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經歷 New York Times website down after suspected hacking
A technical problem knocked NYTimes.com offline on 14 August.
Analysts said evidence showed a group supporting Syrian president Bashar al-Assad was behind Tuesday's attack.
The website was partially back online three hours later, although some users still reported difficulties. During the outage the New York Times published new articles on its Facebook page as well as a mirror site.
Mark Frons, the company's chief information officer, warned New York Times employees the attack was perpetrated by the Syrian Electronic Army, which backs Mr Assad, "or someone trying very hard to be them".
He cautioned staff to "be careful when sending e-mail communications until this situation is resolved".
Security experts said there was enough evidence to link the hacking group to the outage.
"The NYTimes.com domain is pointing at SyrianElectronicArmy.com which maps to an IP address in Russia, so it's clearly a malicious attack," Ken Westin, a security researcher for Tripwire, an online security company, told the BBC.
In a separate posting on Tuesday, the group also claimed responsibility for hacking Twitter's administrative contact information.
'More attacks' Recently, the Washington Post, CNN and Time magazine websites were targeted in attacks attributed to supporters of the group.
"Media attacks seem to be escalating and moving away from annoying, simple denial of service attacks and toward full domain compromise which, if successful, puts millions of NYT website users at risk," said Mr Westin.
As it did after the first New York Times outage, competitor Wall Street Journal took down its pay wall and offered its content free to all visitors.
In January, the New York Times said hackers had accessed its website and stolen the passwords of 53 employees after it published a report on the wealth of China Premier Wen Jiabao's family.
Michael Fey, chief technology officer at cybersecurity firm McAfee, said that as long as media organisations play a crucial role in reporting news and influencing debate, they will continue to be targets of cyber-attacks.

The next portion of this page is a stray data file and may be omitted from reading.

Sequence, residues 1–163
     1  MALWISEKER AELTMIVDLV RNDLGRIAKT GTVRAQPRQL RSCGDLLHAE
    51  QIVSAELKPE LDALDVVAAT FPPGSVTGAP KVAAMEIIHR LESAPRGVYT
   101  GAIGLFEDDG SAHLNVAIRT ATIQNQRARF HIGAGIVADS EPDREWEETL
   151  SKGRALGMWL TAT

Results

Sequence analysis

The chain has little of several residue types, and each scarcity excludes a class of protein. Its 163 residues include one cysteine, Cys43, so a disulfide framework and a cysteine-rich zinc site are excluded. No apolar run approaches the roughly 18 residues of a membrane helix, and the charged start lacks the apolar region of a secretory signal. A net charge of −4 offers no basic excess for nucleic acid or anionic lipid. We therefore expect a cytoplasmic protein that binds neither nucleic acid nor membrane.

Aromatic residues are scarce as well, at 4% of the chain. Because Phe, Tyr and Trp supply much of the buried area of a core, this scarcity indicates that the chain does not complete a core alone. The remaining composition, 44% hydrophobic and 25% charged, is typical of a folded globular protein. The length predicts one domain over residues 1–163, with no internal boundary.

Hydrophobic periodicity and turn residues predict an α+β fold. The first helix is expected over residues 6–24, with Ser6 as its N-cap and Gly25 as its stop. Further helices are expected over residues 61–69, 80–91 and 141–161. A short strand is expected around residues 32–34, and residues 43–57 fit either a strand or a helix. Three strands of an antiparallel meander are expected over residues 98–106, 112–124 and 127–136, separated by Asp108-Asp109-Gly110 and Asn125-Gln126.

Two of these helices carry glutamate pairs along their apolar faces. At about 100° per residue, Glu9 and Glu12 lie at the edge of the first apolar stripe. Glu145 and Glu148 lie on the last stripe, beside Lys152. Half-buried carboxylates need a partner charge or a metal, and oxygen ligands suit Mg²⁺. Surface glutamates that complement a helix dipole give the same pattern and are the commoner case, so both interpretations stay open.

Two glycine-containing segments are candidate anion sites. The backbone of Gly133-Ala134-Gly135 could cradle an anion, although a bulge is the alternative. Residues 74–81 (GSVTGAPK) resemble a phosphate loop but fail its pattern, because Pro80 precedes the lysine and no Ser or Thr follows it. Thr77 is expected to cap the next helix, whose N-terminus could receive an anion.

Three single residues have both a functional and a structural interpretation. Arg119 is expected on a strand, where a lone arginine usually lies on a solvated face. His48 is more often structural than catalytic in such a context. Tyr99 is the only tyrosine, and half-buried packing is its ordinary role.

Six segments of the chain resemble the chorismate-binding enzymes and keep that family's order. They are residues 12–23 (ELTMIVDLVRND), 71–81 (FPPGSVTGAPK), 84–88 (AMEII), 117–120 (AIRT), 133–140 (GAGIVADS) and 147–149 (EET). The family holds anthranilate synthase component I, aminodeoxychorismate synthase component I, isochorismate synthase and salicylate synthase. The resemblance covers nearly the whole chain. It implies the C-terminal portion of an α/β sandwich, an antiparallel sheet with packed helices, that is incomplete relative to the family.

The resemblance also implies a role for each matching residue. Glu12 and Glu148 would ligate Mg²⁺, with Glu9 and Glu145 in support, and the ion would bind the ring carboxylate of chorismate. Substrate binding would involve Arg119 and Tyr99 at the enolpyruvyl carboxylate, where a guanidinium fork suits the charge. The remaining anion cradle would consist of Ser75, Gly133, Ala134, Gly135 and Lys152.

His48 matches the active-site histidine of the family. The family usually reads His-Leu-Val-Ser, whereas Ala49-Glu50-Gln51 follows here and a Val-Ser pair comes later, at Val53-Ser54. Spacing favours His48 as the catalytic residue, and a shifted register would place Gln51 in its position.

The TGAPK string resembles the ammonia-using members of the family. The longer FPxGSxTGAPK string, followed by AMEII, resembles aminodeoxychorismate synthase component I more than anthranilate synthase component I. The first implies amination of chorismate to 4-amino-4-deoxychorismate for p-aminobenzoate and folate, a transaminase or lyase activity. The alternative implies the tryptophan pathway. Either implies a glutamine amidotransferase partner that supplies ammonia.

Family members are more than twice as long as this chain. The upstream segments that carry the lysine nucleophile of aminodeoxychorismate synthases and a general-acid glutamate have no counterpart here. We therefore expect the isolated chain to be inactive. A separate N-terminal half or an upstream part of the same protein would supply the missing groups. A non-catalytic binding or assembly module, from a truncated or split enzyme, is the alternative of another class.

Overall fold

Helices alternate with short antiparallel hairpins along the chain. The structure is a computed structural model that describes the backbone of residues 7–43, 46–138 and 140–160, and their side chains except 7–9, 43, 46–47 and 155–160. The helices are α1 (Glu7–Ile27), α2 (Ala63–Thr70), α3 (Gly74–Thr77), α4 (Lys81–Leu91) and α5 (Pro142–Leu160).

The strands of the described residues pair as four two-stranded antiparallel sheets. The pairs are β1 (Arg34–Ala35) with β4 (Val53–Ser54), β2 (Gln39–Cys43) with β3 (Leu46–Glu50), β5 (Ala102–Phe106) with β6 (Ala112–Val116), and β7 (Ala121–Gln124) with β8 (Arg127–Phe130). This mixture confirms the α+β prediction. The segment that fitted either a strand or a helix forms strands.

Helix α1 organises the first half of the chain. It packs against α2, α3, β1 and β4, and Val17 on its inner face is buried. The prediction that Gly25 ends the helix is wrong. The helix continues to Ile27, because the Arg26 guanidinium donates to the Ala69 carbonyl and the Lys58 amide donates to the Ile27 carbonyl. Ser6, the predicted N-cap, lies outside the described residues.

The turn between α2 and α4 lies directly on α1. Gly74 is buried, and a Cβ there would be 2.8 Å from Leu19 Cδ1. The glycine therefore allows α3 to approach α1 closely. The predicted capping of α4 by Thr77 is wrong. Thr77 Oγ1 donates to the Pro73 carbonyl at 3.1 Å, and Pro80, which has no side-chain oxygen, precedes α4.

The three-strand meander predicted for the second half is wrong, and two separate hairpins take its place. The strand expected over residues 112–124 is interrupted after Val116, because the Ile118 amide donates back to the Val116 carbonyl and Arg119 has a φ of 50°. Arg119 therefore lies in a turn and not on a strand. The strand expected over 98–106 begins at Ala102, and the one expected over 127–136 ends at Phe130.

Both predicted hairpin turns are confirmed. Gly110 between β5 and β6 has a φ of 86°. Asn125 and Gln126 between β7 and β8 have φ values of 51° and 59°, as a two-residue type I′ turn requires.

"Regardless of technology or tactics deployed, we should expect to see more of these attacks,'' he said.
- 辜振豐 謝謝漢清兄。早安
Men are said to succumb to her spell, just by casting a glance her way. But Lorelei is more than an enchanted mermaid: she's a legendary beauty, tourist magnet and employer.The quiet Rhine village of Assmannshausen is home to about 1,000 residents. Here, the boardwalk is mostly comprised of jetties reaching out into the river. A woman with sunglasses and a loud voice is perched on one of the piers, pitching boat rides to passersby.
"A trip to Lorelei for you?" she calls to strolling tourists. Across from her, a handful of people have gathered. They sit on benches and watch as a ship approaches the landing.
The tourist ship travels down the Rhine to Lorelei - or more accurately the rock named after her. Armed with cool drinks and ice cream, the visitors settle into their seats on the sunny top deck of the boat. They hail from around the globe: the Netherlands, the US, Germany, Israel and Brazil. Most have heard the legend of Lorelei, but few volunteer to retell the story.
Each year about 20 million visitors venture to the Middle Rhine Valley for a day trip. In 2002 the Upper Middle Rhine Valley - between Koblenz and Rudesheim - was named a UNESCO World Heritage Site, which includes the 132-meter (433-foot) slate rock of Lorelei. Fleets of tourist boats float to the site each day.
On deck the wind ruffles hair. Passengers laugh and photograph old castles, half-timbered houses and lush vineyards that pass by slowly. After about 90 minutes, the Rhine makes a final turn to reveal Lorelei - rugged, high and unimpressive were it not for the legends, myths and verses winding around it, just like the Rhine. But - unlike the river - Lorelei stories made it across the Atlantic.
From enchantress to singing mermaid
Lorelei tour guides have Clemens Bentano to thank their profession. As a Romantic poet, Bentano invented Lorelei's tragic story around 1801. He crafted her as an "enchantress" from the small village of Bacharach, near the rocks. Her magic powers? She charmed all men with her beauty. As a result, a bishop ordered that she be brought into a monastery. On the way there, thinking she could get one last glimpse of her beloved, Lorelei slipped from atop the cliff and fell below into the Rhine.
Not many know the original version of the story. What truly catapulted Lorelei to literary fame was a poem by Heinrich Heine, which he wrote about 20 years later. It has been set to music about 300 times; the best-known version was done by Friedrich Silcher. In Heine's adaptation of the story, Lorelei is no longer an enchantress, but a mermaid who parallels the sirens in Greek mythology, serenading defenseless sailors until they capsize.
Nico Gradowitsch has never heard Lorelei sing, though he's been operating boats over the rocks nearby for about five years. He is 31 years old, and it's clear that the Rhine water flows through his veins. His family has owned a ferry service here since the beginning of the 20th century.
Technically speaking, the Middle Rhine Valley is a challenge to navigate. In the river's narrow channels, Gradowitsch must pay close attention to oncoming traffic. At Lorelei, the Rhine allegedly reaches its deepest point at 25 meters.
"From of the bonds of love, there was no more rescue," laments Brentano at the beginning of his Lorelei poem. The jinxed enchantress is nevertheless a blessing for Nico Gradowitsch and his family. The hype around her guarantees full boats. Gradowitsch can risk a glance now and then to Lorelei's rock, from the cab of his boat. Blonde beauties come only as tourists to the Middle Rhine Valley.